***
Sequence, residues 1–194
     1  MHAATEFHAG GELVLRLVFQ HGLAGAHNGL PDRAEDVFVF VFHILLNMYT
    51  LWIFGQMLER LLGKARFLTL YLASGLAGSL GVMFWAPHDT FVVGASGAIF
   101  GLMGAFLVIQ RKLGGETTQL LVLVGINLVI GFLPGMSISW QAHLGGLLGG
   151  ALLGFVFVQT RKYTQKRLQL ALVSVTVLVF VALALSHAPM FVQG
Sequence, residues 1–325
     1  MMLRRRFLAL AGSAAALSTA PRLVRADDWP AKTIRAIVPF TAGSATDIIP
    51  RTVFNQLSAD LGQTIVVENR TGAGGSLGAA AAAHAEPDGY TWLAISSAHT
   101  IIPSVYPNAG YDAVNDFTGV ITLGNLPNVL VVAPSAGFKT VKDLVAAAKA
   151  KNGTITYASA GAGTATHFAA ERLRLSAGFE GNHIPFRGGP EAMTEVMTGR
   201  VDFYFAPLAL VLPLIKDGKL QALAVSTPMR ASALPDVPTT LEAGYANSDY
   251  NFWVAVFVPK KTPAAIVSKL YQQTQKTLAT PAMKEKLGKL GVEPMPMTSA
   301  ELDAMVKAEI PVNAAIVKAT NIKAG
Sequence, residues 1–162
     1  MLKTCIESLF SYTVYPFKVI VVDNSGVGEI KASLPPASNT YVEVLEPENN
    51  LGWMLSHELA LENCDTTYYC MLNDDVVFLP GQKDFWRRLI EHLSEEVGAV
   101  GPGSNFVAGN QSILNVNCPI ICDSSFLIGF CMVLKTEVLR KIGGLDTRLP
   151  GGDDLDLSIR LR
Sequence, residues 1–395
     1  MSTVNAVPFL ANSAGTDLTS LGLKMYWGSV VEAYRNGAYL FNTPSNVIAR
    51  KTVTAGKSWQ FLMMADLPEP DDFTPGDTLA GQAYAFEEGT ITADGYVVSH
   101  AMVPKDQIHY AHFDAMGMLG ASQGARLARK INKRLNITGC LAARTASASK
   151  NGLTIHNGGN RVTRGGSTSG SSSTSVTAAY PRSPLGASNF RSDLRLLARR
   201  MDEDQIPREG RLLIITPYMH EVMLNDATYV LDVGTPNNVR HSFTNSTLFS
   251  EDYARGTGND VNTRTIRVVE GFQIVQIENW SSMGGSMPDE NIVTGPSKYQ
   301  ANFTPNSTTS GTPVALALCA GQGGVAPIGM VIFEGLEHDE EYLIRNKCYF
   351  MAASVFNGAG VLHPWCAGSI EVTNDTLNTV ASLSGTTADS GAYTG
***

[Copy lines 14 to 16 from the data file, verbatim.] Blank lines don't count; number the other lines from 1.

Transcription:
Sequence, residues 1–162
     1  MLKTCIESLF SYTVYPFKVI VVDNSGVGEI KASLPPASNT YVEVLEPENN
    51  LGWMLSHELA LENCDTTYYC MLNDDVVFLP GQKDFWRRLI EHLSEEVGAV